Open Access News

News from the open access movement

Sunday, April 29, 2007

Leveraging Wikipedia

Mark Chillingworth has an idea:  Information professionals who want to steer students toward high-quality, peer-reviewed literature shouldn't forbid them to use Wikipedia but make the case in Wikipedia.  Excerpt:

IWR [Information World Review] doesn't want to rubbish the teaching of good information literacy, but we can't help feeling that this education and an improvement in the information should take place within Wikipedia.

Now, before you all shoot me down, let me explain. Wikipedia is a community, not just of those that put time and effort into editing it, but also the users. Therefore the best place to meet your perspective users, introduce them to your content and advise them on better information gathering practices is at Wikipedia. Information professionals and information providers should be playing a considerable part in improving the content on Wikipedia....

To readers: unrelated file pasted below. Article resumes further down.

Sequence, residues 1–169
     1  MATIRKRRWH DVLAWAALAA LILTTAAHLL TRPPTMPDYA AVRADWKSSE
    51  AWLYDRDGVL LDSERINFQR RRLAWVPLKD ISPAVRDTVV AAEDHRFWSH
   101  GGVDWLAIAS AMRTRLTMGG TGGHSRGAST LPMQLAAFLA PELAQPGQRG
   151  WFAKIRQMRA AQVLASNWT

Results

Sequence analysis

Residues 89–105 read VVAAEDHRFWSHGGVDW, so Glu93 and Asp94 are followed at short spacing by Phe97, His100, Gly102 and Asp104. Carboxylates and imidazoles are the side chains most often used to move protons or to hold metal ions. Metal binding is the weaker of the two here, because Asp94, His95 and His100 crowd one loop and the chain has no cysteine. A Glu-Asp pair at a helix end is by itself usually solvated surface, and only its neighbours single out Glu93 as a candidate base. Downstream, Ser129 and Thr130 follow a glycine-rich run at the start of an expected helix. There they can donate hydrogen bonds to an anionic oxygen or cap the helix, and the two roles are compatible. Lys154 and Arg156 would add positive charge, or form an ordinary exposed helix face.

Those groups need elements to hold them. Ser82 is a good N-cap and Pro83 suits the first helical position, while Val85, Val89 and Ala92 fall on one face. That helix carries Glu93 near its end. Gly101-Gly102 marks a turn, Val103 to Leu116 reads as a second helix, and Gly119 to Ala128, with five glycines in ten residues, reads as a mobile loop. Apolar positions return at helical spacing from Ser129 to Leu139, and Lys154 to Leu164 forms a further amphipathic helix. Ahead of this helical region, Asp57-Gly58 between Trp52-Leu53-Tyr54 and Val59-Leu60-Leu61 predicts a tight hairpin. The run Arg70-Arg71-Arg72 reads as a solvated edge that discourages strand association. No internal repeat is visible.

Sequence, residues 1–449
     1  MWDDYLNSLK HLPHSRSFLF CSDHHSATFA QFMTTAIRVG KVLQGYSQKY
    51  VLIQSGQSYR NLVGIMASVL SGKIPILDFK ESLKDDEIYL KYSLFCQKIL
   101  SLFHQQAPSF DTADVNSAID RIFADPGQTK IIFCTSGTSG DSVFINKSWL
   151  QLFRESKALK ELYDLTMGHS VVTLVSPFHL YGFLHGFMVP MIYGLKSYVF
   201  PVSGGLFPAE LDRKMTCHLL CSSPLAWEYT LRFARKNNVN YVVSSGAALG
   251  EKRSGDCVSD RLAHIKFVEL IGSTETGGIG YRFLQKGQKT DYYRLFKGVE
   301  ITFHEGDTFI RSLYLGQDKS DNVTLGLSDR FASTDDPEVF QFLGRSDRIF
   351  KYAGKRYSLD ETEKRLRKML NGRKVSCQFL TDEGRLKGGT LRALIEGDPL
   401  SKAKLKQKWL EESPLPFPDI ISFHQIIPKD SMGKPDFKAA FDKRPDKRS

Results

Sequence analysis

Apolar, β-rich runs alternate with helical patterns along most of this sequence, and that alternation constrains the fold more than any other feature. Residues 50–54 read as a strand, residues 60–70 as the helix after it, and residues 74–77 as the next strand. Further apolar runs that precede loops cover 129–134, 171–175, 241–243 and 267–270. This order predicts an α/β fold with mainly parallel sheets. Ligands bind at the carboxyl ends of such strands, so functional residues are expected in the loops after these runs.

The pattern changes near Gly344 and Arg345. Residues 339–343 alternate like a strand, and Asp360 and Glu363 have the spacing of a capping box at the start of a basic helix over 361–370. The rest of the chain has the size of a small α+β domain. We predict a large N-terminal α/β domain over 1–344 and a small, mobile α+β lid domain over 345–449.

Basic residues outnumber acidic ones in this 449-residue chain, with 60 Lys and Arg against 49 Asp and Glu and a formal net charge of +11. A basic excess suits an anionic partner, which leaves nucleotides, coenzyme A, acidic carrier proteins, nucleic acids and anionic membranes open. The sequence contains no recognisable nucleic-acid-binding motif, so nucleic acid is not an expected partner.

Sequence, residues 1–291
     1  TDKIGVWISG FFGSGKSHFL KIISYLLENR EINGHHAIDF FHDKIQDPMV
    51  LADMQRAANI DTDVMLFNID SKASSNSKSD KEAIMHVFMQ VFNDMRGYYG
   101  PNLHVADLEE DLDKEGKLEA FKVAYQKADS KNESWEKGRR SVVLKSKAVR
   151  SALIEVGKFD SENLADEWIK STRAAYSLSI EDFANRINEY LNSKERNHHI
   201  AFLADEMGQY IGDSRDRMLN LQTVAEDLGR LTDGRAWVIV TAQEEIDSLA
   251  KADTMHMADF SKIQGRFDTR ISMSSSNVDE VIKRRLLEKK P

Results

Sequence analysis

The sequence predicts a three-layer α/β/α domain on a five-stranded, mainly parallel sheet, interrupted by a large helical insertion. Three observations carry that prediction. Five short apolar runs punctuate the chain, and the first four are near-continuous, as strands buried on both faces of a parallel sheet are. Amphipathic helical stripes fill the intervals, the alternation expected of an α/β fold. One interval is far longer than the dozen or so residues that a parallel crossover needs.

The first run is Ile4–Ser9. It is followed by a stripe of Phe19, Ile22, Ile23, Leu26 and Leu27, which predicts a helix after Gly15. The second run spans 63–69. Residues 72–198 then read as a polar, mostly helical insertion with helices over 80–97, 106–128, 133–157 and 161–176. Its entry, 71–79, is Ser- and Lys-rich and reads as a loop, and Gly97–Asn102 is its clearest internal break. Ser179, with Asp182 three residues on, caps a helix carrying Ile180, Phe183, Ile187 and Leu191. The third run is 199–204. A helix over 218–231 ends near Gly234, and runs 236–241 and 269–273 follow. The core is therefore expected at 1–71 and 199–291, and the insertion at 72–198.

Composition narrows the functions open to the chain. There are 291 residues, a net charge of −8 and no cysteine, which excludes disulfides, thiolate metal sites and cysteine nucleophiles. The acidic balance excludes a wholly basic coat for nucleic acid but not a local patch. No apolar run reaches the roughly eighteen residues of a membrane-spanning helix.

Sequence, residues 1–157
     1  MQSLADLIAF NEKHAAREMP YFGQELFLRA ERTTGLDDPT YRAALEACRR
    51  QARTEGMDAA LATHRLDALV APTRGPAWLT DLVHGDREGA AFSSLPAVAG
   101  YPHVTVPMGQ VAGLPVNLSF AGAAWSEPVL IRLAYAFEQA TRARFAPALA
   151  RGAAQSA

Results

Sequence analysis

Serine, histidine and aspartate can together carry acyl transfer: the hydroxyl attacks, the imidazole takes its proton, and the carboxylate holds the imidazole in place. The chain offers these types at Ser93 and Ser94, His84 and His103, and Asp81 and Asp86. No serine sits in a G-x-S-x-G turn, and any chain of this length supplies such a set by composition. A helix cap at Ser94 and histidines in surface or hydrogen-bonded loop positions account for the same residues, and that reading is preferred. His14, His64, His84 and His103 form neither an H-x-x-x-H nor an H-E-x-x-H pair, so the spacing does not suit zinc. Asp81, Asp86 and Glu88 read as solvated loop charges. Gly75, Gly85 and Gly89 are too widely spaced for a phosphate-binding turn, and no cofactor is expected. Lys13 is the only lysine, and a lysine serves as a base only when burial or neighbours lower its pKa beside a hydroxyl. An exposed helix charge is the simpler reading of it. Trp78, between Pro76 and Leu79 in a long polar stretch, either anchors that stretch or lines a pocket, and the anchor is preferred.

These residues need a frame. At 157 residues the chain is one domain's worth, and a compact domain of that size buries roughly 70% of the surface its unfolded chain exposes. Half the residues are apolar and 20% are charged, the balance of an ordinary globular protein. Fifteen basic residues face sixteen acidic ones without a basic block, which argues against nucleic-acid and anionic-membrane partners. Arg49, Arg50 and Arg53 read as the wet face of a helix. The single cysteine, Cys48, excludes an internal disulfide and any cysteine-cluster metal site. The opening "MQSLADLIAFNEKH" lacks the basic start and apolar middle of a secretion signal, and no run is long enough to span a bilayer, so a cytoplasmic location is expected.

Wikipedia is in many ways a platform, it has a host of information within it, and it seamlessly leads users to other sources within and beyond Wikipedia, so therefore the information industry should accept and embrace Wikipedia....IWR knows publishing houses in the business area that are updating entries for areas they are specialists in and have gained around 200 extra visitors a month from Wikipedia alone and the subsequent revenue.

PS:  Good idea.  I've often made a similar point:  "The fact that we want free online access to full texts doesn't mean that we already have it. Limiting searches to free online sources can be wishful thinking that undermines the adequacy of a search. But...I welcome evidence that young researchers look first in free online sources....That's by far the most convenient place to look. Our job is to put more information in that basket, not persuade researchers to start with less convenient sources."